Once you log in, you can use our search tool to find all the natural solutions for any health condition. Plus, you can discuss, ask questions, and share your point of view about various topics.
We highly encourage you to write reviews and testimonials about any natural solution you have tried. Regardless of whether the solution was effective or not, we urge you to remain authentic and objective. Our ultimate aim is to help each other learn the truth about each solution.
You can also add content you may find interesting in the library center section.
Together, we can contribute to our community’s knowledge.
Crystal Hoshaw explains how Ayurveda helped her manage her anxiety.
What Can Ayurveda Teach Us About Anxiety?
Medically reviewed by Adithya Cattamanchi, M.D. — Written by Crystal Hoshaw
June 1, 2020
It’s a real possibility that anxiety has touched nearly everyone I know. The pressures of life, the uncertainty of the future, and a constantly changing world are more than enough to create the sense that the rug is perpetually being pulled out from under our feet.
My first experiences with anxiety began as a little girl. I remember getting my first failing grade. As my eyes settled on the big “Unsatisfactory” scrawled at the top of my fourth grade math test, my mind launched into a fast-forward of my future.
Was I going to graduate? Go to college? Be able to support myself? Was I going to be able to survive?
When I took my driver’s test at 15 years old, I was again riddled with anxiety. My nerves were so jumpy that I accidentally started to make a left turn into oncoming traffic, failing instantly.
I hadn’t even left the DMV parking lot.
This was also about the time that I began yoga practice, and I kept wondering why I couldn’t simply will myself to be calm with the meditation techniques I learned in class.
If only it were so simple.
It’s been a journey of years to help me understand the deeper elements at play behind my experience of anxiety, and Ayurveda has played an integral role in this process of self-reflection.
Ayurveda is the name of the traditional medicine system of India. In Sanskrit, it means “science of life.”
Ayurveda isn’t just about herbs and complementary treatments. It’s actually a complete outlook, a way of seeing life and the world that has a rich history and cultural depth.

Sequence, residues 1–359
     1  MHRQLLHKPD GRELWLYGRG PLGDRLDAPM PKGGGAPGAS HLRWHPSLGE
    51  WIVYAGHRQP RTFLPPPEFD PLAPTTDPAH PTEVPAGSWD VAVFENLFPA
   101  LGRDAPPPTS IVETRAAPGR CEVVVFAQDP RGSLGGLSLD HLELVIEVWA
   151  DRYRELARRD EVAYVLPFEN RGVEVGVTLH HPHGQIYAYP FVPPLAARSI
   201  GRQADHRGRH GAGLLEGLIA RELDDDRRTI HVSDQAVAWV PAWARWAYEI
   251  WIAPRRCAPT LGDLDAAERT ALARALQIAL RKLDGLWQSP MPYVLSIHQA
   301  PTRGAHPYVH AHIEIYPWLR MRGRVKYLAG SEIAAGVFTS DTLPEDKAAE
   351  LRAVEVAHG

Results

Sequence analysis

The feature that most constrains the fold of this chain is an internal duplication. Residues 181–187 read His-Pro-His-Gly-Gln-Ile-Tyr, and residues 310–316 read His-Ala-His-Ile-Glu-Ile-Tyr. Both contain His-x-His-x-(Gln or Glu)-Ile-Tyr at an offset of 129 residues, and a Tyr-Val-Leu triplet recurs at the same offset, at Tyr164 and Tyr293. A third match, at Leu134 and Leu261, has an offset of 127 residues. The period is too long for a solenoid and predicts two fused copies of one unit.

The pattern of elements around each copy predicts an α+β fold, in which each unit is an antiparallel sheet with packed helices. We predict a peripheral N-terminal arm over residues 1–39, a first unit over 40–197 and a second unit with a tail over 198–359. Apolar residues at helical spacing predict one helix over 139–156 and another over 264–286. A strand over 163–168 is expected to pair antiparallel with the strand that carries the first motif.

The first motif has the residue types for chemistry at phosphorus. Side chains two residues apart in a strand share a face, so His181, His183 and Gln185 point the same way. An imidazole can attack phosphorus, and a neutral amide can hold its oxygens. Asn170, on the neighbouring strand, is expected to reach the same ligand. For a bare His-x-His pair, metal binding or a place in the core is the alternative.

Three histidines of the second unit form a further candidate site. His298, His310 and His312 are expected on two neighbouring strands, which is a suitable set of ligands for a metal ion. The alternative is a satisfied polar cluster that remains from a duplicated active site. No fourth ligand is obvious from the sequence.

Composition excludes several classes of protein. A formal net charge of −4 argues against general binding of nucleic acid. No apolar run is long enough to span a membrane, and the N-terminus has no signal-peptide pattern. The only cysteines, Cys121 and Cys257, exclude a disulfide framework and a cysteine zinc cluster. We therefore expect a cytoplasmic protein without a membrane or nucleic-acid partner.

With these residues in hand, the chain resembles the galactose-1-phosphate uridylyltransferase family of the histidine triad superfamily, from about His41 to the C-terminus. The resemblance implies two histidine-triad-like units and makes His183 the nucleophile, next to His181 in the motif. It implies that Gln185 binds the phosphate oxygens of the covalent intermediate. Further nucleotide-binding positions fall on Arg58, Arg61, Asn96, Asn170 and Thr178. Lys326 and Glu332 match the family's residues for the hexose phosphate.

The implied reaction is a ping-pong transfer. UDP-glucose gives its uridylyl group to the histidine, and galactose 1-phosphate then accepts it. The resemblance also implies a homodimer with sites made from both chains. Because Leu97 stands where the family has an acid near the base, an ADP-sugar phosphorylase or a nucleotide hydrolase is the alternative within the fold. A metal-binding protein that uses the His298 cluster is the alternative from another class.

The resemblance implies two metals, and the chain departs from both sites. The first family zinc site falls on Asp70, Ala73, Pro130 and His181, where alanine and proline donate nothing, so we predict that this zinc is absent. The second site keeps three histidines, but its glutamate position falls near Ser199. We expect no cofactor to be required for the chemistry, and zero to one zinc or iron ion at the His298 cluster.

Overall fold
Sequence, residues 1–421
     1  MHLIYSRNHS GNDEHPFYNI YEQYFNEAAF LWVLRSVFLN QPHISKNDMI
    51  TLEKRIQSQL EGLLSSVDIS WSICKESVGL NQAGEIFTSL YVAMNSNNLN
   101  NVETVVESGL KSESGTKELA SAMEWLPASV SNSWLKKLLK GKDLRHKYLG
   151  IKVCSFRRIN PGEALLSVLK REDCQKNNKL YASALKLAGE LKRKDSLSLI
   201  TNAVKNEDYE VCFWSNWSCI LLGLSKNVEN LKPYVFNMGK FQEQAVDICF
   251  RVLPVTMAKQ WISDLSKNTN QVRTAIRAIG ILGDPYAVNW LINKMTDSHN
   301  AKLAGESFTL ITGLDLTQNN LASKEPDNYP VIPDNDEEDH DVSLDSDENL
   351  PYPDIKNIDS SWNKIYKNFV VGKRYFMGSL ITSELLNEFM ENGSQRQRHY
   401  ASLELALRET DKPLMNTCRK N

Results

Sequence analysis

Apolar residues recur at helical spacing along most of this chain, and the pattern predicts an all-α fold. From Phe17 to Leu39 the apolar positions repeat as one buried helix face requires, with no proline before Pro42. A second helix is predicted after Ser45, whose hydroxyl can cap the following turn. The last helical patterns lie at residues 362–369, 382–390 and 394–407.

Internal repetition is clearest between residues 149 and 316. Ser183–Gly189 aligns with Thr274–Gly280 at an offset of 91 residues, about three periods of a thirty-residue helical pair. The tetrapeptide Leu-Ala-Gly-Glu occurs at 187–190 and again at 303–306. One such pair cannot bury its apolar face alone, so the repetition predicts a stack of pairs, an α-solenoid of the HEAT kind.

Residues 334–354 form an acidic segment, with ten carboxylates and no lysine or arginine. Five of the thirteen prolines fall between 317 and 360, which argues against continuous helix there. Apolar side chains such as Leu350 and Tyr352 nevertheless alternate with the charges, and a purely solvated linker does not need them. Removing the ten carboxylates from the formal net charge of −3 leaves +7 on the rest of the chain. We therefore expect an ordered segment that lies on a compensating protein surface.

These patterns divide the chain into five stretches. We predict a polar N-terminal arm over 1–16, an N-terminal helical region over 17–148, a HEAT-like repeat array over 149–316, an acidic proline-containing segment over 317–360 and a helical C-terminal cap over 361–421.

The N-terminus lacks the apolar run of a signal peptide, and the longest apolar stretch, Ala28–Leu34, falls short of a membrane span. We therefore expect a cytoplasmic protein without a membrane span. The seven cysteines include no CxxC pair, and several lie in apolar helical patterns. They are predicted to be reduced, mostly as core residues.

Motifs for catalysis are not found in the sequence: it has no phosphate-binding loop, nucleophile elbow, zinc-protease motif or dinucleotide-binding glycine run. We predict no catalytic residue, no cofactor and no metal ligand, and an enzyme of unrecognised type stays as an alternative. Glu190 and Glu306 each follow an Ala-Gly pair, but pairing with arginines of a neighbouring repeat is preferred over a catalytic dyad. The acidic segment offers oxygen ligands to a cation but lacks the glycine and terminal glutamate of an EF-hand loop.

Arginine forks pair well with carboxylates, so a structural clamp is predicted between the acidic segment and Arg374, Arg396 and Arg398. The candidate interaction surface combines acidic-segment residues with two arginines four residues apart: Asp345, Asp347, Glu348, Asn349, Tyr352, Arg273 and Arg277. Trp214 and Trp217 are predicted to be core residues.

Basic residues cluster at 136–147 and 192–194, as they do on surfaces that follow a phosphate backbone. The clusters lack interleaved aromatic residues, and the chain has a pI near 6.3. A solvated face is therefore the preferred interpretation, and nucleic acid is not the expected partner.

Ayurveda is still highly relevant for millions of Indian people today, and increasingly for Westerners as well.
While Ayurveda is sometimes treated as the latest buzzword without much cultural context or background (or in some cases, accuracy), it’s finding a place in Western society more and more.
Ayurveda is getting more attention and acceptance as accredited training programs true to the system’s roots pop up across North America and Europe.
Ayurveda is a self-contained, cohesive system with its own cosmology, herbology, and process of diagnosis. It’s a rich lens for understanding our health, our bodies, our minds, and the environment in which we live.
Blowing in the wind
To understand anxiety through an Ayurvedic lens, it’s important to first understand that Ayurveda sees existence itself as made up of particular elements. I think of this lens as a poetic metaphor for experiencing self and life.
Whether fire, water, earth, wind, or space, everything in existence is made up of some combination of these parts.
It’s easiest to see the elements expressed in food: a hot pepper contains fire element, a sweet potato contains earth, and a brothy soup contains water. Simple, right?
You can see the elements in emotions as well. If you’re angry and “seeing red,” you bet there’s some fire element coursing through you.
If you’re deeply in love, you’re likely experiencing the ooey, gooey sweetness of water element. If you feel strong and grounded, you’re likely experiencing earth.
When it comes to anxiety, wind element is largely at play. If you imagine a leaf blown about by the breeze or a candle flame flickering in the wind, you can see why anxiety and wind go hand in hand.
As I looked at myself with this metaphor in mind, I saw that I was constantly on the move, both in my body and my mind. I walked quickly, balanced 10 tasks at once, and was always “on.”
When fear and stress are acute, it’s difficult to feel calm, still, resolute, and sure of where you’re going. My experience felt very much like a leaf trembling in the wind, blown about by every new gust.
Please remain authentic and respectful. Aposbook does not endorse any comment and is not responsible for any wrong information provided by users.